New Amsterdam is the NBC medical drama (similar to Night Shift) which is now available on Amazon Prime. It stars Ryan Eggold (The Blacklist) as the brilliant and charming Dr. Max Goodwin. He also happens to be the new medical director at America's oldest public hospital. Right from the get-go it is clear the direction New Amsterdam is going in. It is about bucking the bureaucracy and prioritising patient care over billing. And Dr. Max Goodwin is just the idealistic man for the job.
A character who's only flaw appears to be caring too much, Goodwin announces his arrival by instantly firing the entire cardiac department. And anybody who cares more about money than patients is welcome to join them. The man is on a mission.
Next up is the hiring of 50 new attendings, which of course ruffles the feathers of the residents. He continues to introducing sweeping measures across the hospital, bringing no end of headaches to the board. But it's all done with the notion that they can be better. The hospital can be better. Everyone can be better.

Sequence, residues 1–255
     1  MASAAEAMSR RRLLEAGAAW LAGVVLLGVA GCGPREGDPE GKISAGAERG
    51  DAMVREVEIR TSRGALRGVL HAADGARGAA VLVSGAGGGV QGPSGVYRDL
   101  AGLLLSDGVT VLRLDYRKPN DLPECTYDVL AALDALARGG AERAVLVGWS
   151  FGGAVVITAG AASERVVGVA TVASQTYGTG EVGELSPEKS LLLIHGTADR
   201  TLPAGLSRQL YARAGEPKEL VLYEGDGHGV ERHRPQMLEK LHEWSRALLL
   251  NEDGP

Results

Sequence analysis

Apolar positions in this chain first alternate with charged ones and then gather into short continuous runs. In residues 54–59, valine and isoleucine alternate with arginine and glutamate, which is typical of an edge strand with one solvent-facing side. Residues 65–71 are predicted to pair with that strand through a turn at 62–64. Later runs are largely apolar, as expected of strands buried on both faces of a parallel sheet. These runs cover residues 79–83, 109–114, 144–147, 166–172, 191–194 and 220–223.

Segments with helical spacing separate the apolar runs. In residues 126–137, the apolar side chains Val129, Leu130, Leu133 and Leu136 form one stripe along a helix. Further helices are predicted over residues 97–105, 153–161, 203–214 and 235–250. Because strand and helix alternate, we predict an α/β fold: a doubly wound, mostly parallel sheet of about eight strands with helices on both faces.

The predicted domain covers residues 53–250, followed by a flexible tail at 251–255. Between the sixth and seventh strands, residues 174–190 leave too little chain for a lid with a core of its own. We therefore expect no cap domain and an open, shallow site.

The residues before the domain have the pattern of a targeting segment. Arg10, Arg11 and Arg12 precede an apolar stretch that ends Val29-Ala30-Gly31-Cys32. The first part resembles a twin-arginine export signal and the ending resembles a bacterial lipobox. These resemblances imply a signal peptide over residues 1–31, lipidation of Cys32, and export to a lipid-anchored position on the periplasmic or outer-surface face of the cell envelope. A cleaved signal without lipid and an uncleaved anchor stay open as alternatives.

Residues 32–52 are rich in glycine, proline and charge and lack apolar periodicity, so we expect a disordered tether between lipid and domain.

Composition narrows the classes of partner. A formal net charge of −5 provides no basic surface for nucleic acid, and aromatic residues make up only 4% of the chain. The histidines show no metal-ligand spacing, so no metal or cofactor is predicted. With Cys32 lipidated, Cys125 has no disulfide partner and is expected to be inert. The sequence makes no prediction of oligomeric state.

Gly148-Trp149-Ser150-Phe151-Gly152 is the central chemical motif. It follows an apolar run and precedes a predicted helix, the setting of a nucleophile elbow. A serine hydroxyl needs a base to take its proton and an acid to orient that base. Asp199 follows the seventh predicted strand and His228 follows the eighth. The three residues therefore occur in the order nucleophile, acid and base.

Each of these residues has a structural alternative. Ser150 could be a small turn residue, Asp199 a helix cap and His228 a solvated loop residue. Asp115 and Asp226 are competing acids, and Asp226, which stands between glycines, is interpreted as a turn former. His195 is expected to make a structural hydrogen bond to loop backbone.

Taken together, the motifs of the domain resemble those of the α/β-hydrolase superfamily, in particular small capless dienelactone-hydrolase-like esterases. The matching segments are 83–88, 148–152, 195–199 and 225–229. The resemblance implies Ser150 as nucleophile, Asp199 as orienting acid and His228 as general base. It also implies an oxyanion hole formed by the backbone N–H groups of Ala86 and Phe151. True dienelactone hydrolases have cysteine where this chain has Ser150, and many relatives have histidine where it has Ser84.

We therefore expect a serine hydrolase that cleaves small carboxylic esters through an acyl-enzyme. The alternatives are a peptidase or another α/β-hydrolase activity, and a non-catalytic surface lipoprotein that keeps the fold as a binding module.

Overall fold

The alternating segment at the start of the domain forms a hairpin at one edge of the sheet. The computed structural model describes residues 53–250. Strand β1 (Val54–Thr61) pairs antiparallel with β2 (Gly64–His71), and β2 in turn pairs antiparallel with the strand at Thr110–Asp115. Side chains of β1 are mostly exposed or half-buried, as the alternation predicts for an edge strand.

And yes, while this is worthy and the show does a great job of highlighting real world problems, it's all done in an unrealistic cloud of candyfloss. It is really quite tricky to engage with mostly because it's so hard to believe. Ironically enough it is based on the book Twelve Patients: Life and Death at Bellevue Hospital by Eric Manheimer. He is the former medical director at New York City’s Bellevue Hospital and New Amsterdam is based on his life. So quite possibly they have taken some dramatic licence with the tv version.
That said, and despite some of the cringy eye-rolling, overly sentimental moments, there is a point to New Amsterdam. The system is broken but not beyond repair. Each episode focuses largely on one case while the rest of the show progresses. Situations such as over-medicating children, vulnerable pregnant young women, mental health issues and the mis-diagnosing of patients due to lack of time, are all real-world problems faced by people every day. And the show does a very good job of tackling them.
The cast is excellent and also includes Janet Montgomery, Freema Agyeman, Jocko Sims, Tyler Labine and Anupam Kher. So what really is my problem with it? It has no grit. It has no bite. It's making a point but in the nicest way possible. Imagine if somebody put an Instagram filter on the medical profession and added a moving backing track and you would get New Amsterdam.